Chief among the party’s QAnon promoters is Trump himself. Since the theory first emerged three years ago, he has employed a wink-and-nod approach to the conspiracy theory, retweeting its followers but conspicuously ignoring questions about it.

Yet with the election drawing ever closer and Trump’s failure to manage the Covid-19 pandemic harming his re-election prospects, the White House and some Trump allies appear to have taken to openly courting believers.

‘Love our country’

The president, during a White House news conference last Wednesday, described QAnon followers – some of whom have been charged with murder, domestic terrorism and planned kidnapping – as “people that love our country”.

President Donald Trump at a daily briefing where he described QAnon followers as “people that love our country,” at the White House on August 19th. Photograph: Doug Mills/The New York Times
President Donald Trump at a daily briefing where he described QAnon followers as “people that love our country,” at the White House on August 19th. Photograph: Doug Mills/The New York Times

The president has retweeted QAnon followers at least 201 times, according to an analysis by Media Matters. Some of his children have posted social media messages related to the conspiracy theory.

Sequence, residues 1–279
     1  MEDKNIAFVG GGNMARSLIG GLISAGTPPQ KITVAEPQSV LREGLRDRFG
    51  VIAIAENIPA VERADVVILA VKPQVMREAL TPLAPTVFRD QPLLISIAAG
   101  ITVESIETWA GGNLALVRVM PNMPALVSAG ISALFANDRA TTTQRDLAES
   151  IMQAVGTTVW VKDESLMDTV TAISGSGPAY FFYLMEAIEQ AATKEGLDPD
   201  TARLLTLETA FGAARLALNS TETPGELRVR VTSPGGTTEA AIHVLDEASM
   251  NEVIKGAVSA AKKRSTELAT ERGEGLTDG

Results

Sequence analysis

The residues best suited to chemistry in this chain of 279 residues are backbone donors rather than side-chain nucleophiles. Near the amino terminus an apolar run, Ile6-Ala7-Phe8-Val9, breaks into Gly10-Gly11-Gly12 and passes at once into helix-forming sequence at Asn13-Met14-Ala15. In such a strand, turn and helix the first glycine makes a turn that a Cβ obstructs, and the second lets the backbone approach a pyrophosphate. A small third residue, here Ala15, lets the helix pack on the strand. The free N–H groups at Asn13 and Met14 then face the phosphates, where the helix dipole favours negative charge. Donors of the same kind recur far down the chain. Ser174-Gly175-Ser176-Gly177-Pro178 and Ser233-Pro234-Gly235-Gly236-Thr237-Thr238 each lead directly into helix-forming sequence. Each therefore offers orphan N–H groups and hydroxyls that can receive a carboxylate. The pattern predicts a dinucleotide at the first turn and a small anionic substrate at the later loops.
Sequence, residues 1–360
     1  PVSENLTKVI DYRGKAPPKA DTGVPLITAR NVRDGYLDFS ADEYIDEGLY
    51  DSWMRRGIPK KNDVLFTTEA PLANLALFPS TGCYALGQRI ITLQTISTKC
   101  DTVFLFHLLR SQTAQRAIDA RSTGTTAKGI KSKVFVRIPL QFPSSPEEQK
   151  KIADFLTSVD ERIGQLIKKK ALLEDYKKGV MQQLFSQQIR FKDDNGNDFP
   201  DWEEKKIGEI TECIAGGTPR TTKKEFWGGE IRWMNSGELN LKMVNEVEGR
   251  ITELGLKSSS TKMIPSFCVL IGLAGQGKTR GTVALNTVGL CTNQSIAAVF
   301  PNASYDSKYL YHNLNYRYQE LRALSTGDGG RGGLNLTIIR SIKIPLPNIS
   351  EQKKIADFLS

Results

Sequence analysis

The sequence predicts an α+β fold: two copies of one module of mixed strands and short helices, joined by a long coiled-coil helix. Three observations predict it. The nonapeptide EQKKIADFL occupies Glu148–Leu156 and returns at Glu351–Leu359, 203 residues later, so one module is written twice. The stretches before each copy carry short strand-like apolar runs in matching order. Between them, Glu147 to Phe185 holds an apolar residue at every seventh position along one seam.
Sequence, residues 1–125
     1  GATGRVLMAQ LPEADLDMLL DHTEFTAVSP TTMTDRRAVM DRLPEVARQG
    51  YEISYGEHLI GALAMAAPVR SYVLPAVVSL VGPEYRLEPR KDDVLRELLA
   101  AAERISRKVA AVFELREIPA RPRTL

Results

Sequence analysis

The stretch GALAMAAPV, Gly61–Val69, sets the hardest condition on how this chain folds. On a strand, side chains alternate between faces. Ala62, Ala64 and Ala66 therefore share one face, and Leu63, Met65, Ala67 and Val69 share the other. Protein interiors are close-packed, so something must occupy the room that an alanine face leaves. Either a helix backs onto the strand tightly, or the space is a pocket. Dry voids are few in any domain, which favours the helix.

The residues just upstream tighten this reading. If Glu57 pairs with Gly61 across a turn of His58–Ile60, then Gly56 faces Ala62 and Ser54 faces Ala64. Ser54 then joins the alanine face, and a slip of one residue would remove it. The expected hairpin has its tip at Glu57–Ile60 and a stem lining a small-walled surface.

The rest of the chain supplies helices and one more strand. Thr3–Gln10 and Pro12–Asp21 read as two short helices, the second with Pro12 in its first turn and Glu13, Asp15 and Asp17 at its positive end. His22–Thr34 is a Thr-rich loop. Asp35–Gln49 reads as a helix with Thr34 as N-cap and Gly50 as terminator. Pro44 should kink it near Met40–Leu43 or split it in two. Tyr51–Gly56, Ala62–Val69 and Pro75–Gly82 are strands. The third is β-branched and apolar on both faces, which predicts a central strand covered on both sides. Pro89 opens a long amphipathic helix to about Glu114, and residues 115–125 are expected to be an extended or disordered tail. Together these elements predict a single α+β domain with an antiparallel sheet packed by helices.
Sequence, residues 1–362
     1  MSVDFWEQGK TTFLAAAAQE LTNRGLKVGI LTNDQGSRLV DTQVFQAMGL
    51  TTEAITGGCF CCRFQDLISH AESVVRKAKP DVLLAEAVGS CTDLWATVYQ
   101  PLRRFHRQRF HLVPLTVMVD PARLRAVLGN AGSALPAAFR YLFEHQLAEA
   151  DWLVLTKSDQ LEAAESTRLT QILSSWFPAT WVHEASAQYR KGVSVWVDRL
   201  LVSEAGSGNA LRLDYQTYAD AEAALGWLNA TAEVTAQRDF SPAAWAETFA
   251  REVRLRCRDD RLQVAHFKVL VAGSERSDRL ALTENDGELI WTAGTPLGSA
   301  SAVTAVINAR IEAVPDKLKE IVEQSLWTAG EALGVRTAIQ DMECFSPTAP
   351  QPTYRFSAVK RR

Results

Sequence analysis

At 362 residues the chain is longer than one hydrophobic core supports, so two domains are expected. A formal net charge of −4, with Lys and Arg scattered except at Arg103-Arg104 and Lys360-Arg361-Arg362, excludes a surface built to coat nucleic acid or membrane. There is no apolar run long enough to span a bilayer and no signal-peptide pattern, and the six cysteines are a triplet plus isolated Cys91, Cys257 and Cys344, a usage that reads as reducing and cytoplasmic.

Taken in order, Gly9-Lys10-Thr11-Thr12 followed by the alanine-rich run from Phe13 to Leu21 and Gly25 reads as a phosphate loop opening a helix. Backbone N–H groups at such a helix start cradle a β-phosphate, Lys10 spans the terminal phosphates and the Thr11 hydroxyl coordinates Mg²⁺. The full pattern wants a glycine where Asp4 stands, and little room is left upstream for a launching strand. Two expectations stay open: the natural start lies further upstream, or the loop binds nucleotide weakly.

A deputy White House chief of staff, Dan Scavino, who has for years combed corners of the internet for memes that the president could promote, has three times in the past year – in November 2019, May and June – posted ticking-clock memes that are used by QAnon believers to signify the coming showdown between the president and his purported enemies.

“We once had Republican leaders that would work to keep extremists from the levers of power. Now they embrace them and their crazy and dangerous ideas,” said Rudy Oeftering, a Texas Republican who formerly chaired the Texas Association of Business and remains one of the state party’s precinct captains.